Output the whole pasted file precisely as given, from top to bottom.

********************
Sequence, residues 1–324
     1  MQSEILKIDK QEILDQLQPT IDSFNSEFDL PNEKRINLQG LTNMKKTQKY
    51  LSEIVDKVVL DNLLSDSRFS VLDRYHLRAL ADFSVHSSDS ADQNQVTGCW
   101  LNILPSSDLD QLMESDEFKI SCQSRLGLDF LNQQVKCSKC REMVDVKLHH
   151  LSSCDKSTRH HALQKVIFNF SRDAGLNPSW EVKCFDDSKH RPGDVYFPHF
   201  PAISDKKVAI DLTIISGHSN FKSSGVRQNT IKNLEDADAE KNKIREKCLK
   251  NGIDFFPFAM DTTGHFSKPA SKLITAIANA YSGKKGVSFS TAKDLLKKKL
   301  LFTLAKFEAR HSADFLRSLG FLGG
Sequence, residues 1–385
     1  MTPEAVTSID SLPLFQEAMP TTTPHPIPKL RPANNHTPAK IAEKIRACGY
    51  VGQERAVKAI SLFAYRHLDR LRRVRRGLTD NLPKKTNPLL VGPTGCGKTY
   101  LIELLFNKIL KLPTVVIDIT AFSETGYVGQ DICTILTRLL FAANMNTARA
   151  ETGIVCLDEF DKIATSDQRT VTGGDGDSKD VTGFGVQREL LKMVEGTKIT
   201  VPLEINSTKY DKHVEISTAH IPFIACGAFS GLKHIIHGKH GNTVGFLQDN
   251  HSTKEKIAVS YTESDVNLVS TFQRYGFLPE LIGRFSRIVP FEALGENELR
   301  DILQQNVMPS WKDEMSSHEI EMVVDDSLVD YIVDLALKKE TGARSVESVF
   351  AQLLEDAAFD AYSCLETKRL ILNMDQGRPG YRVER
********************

Sequence, residues 1–324
     1  MQSEILKIDK QEILDQLQPT IDSFNSEFDL PNEKRINLQG LTNMKKTQKY
    51  LSEIVDKVVL DNLLSDSRFS VLDRYHLRAL ADFSVHSSDS ADQNQVTGCW
   101  LNILPSSDLD QLMESDEFKI SCQSRLGLDF LNQQVKCSKC REMVDVKLHH
   151  LSSCDKSTRH HALQKVIFNF SRDAGLNPSW EVKCFDDSKH RPGDVYFPHF
   201  PAISDKKVAI DLTIISGHSN FKSSGVRQNT IKNLEDADAE KNKIREKCLK
   251  NGIDFFPFAM DTTGHFSKPA SKLITAIANA YSGKKGVSFS TAKDLLKKKL
   301  LFTLAKFEAR HSADFLRSLG FLGG
Sequence, residues 1–385
     1  MTPEAVTSID SLPLFQEAMP TTTPHPIPKL RPANNHTPAK IAEKIRACGY
    51  VGQERAVKAI SLFAYRHLDR LRRVRRGLTD NLPKKTNPLL VGPTGCGKTY
   101  LIELLFNKIL KLPTVVIDIT AFSETGYVGQ DICTILTRLL FAANMNTARA
   151  ETGIVCLDEF DKIATSDQRT VTGGDGDSKD VTGFGVQREL LKMVEGTKIT
   201  VPLEINSTKY DKHVEISTAH IPFIACGAFS GLKHIIHGKH GNTVGFLQDN
   251  HSTKEKIAVS YTESDVNLVS TFQRYGFLPE LIGRFSRIVP FEALGENELR
   301  DILQQNVMPS WKDEMSSHEI EMVVDDSLVD YIVDLALKKE TGARSVESVF
   351  AQLLEDAAFD AYSCLETKRL ILNMDQGRPG YRVER